Friday, Dec. 31, 1999 | 9:04 a.m.
The snafu occurred Thursday because the main computer sends the machines a command to function 72 hours in advance, said Wayne Lemons, director of the Delaware State Lottery.
"They got the command and read it as January 1, 1900. So they went down," he said. "We were assured they were Y2K compliant. It turned out they were not."
Lemons said all the affected machines were from the same vendor. Repair crews from Chicago-based WMS Gaming began replacing the chips almost immediately, but several machines were still inoperable on Friday afternoon.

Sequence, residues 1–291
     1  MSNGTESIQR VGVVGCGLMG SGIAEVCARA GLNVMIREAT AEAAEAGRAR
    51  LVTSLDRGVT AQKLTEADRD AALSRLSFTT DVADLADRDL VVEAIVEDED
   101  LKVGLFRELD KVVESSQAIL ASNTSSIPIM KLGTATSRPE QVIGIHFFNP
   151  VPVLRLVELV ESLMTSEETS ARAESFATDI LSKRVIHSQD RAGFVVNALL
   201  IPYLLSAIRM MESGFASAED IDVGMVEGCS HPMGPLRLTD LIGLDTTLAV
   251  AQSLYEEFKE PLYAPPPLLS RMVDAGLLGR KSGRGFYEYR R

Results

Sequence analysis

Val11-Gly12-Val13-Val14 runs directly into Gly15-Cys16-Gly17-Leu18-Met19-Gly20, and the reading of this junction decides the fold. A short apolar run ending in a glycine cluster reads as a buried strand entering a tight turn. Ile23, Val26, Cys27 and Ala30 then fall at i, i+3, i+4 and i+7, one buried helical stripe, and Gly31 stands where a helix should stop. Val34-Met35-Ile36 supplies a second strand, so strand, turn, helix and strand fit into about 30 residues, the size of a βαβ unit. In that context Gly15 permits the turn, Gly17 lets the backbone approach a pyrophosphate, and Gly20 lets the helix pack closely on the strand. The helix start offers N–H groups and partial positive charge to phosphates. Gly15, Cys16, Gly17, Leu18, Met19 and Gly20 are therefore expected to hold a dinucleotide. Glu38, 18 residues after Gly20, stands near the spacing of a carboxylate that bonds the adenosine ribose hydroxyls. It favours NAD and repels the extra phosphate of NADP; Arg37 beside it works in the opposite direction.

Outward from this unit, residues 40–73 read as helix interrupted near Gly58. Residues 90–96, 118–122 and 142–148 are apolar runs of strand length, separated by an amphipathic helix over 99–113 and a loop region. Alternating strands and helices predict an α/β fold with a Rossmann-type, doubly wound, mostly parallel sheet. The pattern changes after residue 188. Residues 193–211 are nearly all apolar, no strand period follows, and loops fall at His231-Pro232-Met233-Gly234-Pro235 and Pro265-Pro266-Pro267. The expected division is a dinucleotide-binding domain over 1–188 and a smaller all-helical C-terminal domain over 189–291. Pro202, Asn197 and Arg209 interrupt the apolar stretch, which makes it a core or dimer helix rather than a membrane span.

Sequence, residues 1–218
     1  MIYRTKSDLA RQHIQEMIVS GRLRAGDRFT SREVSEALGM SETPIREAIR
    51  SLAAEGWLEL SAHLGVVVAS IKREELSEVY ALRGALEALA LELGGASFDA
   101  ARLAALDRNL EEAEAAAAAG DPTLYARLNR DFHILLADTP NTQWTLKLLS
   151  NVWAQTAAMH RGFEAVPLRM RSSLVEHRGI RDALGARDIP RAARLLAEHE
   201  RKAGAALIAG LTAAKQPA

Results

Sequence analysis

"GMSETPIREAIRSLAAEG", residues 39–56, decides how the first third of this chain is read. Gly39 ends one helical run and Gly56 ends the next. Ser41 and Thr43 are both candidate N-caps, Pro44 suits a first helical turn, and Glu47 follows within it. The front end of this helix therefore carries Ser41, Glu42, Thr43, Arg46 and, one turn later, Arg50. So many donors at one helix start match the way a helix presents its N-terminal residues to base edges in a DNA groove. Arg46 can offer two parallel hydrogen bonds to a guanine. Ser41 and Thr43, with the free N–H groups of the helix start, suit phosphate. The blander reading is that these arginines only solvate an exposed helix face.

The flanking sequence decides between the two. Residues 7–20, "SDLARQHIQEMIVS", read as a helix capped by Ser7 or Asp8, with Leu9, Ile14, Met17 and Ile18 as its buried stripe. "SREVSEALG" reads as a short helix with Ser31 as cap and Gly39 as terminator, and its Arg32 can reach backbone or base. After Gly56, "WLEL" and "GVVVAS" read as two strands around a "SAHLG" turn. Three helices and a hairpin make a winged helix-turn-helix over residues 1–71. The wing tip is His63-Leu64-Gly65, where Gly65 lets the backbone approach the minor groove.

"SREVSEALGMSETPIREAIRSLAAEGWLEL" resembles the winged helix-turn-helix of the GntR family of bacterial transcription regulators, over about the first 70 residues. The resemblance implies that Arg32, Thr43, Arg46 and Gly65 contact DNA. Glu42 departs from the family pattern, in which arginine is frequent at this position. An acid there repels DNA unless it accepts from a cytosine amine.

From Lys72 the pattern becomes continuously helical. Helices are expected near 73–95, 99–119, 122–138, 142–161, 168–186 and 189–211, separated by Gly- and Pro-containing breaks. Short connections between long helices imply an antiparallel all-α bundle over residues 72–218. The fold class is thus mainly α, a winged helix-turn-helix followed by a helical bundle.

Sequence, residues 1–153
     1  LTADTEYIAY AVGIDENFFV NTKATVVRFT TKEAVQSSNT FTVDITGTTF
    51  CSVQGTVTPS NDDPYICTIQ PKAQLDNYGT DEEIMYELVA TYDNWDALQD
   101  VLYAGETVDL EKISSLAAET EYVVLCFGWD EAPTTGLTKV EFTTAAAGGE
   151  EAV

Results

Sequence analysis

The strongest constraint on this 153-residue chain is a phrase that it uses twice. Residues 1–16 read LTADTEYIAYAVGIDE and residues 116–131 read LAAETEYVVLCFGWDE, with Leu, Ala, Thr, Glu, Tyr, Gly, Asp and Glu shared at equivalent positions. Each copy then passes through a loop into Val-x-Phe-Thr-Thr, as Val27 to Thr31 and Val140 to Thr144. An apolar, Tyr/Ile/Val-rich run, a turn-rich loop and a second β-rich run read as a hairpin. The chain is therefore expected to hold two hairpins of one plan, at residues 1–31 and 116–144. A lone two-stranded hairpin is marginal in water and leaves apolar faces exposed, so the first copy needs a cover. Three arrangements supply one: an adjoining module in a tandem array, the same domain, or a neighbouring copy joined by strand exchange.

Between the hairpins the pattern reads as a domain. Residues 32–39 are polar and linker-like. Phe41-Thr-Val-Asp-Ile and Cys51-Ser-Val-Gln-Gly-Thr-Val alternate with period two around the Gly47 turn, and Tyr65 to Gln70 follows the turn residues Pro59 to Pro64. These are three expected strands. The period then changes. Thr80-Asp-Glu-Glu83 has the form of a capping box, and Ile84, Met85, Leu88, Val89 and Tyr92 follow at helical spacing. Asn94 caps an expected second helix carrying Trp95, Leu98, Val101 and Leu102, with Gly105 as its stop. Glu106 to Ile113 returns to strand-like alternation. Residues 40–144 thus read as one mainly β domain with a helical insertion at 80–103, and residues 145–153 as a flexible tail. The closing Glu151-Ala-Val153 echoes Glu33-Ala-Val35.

"The board of WMS Gaming should resign," said an irate Bill Fasy, chief operating officer and general manager of Delaware Park, where 300 machines were still down. "How long have we been hearing about Y2K? They should be ashamed and say we didn't do the job. It's incompetence."
Fasy said the malfunctioning equipment had already proven costly to the track.
"The state taxpayers, the track and the horsemen are all losing money over this," he said.
Lemons said he expected all the machines to be working by Friday evening.
By midday, an estimated 115 machines at Dover Downs were still not working.
WMS Gaming officials could not be reached Friday for comment. A tape recording said the company was closed through Monday.
There are 4,200 slot machines in Delaware, Lemons said.